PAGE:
Do you think it's possible with all the industries that this will affect basically everyone at some point that we can find new jobs or new areas to get everyone reemployed somehow?

Jack Walters:
I'm very sorry to say I don't believe we'll be able to replace all the jobs that are lost. There will without question be whole new categories of jobs, whole new ways of doing things. But when I look at how many jobs will be lost, I don't see how it's possible to recover them all. And then I'm very reluctant to hear people say, ‘Well, people need to get different training, and they need to be, you know, re-skilled,’ the scale of that task is just almost incomprehensible. We're really talking about gigantic numbers of changes.

Jen Burris:
Do you have any personal input or feelings that you would say to these people, as they're making these advancements and considering society as a whole?

Jack Walters:
The interesting thing is my particular focus is not on technology development. In other words, fine with me, if that continues apace. That's how it's been throughout history, new technology has always supplanted old technology. The audience I want to speak to our people that make policy at the government level, and people that lead organizations, I really think that's where we have to talk about this. And one of the things that could be considered this could rewrite international economic competition and cooperation because right now, there's a bunch of just to pick on an easy sort of pin, a bunch of iPhones are made in the east. Why is that? Well, the wages are lower there. Well, if you shifted to an economy, where they're mostly constructed by machines, then the machines can be here. And then people say, why that's not adding a job, the machines doing the job, but the transportation, the logistics, the supply chain, that all that stuff that goes with having a business entity is here. And so that could just change how we place labor, broadly defined in the world.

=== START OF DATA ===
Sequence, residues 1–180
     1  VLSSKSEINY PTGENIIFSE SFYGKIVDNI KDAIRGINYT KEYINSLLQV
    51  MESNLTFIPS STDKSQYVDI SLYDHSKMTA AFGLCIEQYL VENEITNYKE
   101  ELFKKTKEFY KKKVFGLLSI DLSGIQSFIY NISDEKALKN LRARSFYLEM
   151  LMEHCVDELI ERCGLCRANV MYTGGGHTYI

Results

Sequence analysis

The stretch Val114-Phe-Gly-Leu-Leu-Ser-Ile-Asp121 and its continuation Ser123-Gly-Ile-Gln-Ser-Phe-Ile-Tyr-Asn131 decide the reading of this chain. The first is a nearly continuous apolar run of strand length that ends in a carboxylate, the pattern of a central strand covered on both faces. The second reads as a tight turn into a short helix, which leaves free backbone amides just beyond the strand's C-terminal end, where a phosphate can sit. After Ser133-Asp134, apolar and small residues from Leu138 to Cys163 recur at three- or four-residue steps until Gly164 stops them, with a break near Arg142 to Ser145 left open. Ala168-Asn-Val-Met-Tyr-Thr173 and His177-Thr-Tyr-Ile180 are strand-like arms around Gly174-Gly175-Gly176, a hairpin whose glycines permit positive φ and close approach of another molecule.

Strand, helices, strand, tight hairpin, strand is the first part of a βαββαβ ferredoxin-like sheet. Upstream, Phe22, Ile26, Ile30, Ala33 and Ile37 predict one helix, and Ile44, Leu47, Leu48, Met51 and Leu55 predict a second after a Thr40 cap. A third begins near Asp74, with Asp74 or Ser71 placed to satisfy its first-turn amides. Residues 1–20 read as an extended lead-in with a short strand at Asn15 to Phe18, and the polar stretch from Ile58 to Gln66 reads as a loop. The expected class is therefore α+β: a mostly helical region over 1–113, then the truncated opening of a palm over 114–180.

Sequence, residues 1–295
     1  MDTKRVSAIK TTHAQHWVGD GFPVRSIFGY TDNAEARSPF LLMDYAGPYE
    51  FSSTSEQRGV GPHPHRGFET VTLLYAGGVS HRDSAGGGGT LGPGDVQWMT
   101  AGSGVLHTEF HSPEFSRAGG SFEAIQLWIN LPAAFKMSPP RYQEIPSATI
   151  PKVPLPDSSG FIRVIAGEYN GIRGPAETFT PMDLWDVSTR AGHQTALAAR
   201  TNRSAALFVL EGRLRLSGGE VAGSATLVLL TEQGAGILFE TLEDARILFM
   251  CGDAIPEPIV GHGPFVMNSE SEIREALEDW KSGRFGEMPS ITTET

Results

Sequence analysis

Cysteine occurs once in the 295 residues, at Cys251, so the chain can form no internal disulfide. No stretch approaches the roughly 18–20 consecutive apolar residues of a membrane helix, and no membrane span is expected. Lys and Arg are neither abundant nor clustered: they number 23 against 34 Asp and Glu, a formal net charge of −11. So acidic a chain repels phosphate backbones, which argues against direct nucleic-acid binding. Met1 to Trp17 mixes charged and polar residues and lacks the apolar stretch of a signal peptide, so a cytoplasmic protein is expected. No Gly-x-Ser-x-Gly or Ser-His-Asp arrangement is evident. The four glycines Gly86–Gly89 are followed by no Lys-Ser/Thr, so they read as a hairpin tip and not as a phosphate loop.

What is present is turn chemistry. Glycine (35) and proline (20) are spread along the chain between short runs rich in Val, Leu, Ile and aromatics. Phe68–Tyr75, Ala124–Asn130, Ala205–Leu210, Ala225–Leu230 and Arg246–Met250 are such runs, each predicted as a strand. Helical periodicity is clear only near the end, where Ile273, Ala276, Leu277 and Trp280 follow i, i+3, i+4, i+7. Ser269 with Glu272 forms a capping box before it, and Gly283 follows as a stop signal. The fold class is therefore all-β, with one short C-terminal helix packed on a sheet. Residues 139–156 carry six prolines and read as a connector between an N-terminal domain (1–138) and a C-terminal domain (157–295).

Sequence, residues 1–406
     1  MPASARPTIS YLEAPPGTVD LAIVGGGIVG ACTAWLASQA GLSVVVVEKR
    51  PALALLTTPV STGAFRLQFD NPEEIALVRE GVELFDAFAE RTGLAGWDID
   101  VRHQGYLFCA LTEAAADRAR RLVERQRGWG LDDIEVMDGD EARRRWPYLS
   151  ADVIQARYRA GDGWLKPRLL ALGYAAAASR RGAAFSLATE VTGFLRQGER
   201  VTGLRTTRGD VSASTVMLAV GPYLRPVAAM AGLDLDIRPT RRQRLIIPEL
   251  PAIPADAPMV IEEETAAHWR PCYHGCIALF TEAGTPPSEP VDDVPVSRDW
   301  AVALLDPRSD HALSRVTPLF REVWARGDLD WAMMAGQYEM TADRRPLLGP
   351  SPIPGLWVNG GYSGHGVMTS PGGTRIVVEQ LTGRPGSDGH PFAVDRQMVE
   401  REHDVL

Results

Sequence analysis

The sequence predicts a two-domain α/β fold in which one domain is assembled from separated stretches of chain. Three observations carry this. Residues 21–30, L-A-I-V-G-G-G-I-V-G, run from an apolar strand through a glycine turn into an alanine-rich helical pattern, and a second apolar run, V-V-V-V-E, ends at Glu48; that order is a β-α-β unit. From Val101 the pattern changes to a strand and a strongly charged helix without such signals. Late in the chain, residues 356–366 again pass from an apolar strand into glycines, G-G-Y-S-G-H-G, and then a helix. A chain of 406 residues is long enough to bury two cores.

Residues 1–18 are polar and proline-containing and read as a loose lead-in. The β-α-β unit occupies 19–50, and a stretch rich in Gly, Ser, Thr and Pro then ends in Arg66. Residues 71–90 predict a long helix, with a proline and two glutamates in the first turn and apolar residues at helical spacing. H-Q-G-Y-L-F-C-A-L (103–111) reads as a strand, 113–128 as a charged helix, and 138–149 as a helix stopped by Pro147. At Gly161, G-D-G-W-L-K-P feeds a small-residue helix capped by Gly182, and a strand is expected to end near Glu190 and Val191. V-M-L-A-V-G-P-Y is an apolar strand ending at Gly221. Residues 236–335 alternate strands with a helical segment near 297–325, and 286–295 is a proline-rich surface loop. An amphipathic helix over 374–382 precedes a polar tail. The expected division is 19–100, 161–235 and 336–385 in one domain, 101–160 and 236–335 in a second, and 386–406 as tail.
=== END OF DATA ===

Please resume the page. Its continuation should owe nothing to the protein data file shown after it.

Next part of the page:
Jen Burris:
It’s a lot of stuff to take in.

Jack Walters:
it is it's really, really big, really big.

Jen Burris:
And you have any positive stories that you've seen in AI as potential impacts in different areas?

Jack Walters:
I have. So, here's one, and this one's probably tilted a little more over to the robotic side. But it's so much of a very hot topic right now, in the news. There is existing, a working prototype of a robotic traffic cop. When someone is seen violating and speeding, running a light, whatever the current model is driven by a human, but the car is outfitted with a robotic traffic cop. So, they’re pulled over, the car that carries the robotic cup puts a stop stick under the back of the car. So that's a thing of like a board with nails in it, and it can extend and go under the wheels of the car. So, if the car tries to speed away, it can't go fast, because it's going to have holes in the tires, the tire will be deflated. Then this little robotic police officer moves up from the back on some kind of a bar, stops at the front window, and has a camera, a microphone, a speaker, and a little printer in it. Then the robotic cop tells the person what they have done wrong, and has a conversation with them. And then if it issues a ticket, the ticket comes out of a little printer, and they take it. Look at what the news is we have two horrifying cases going on one where police improperly shoot civilians and the other where civilians shoot police, which is pretty much always improper. This is the kind of thing that we're talking about, it doesn't matter if somebody shoots the robot, they can get a new one, and the robot is not armed, it's not going to shoot anyone. So, you can sort of solve a kind of hot topic problem right now with that kind of device.

Jen Burris:
Eliminate some of those inherent risks…

Jack Walters:
There are just scores of those kinds of examples of positive improvement, better service, better quality, less danger, then there is you know, a whole other side of what will that do to employment and array of occupations.

Gabe Mydland:
So, I'm at risk of repeating myself, and I don't mean to but in your collection of all this information about all the things that deal with AI. Did you come across information about different groups who are prepared to sit down with policymakers and leaders of organizations to talk about ethics? Are there training available and business programs that are being developed to address this new world that we're approaching?

Jack Walters:
being developed? Yes. Existing? Not so much. We're definitely seeing now rapid across the country and probably across the world as well, ideas for training, understanding, seeing the limitations of the technology, seeing the benefits the technology, but right now, we're not to the point where there is, for example, a group of people who are expert in that who was serving as some kind of advisory board or, you know, NGO or something like that, as it regards these issues.

Gabe Mydland:
I wasn't aware of any, you know, I mean, like the President's Council of Economic Advisers, for example. They kind of take a look at what's going on and try to draw attention to certain things. And I didn't know if there was anything similar to that. Maybe not at that level, but maybe even in the private sector. I haven't heard of that.

Jack Walters: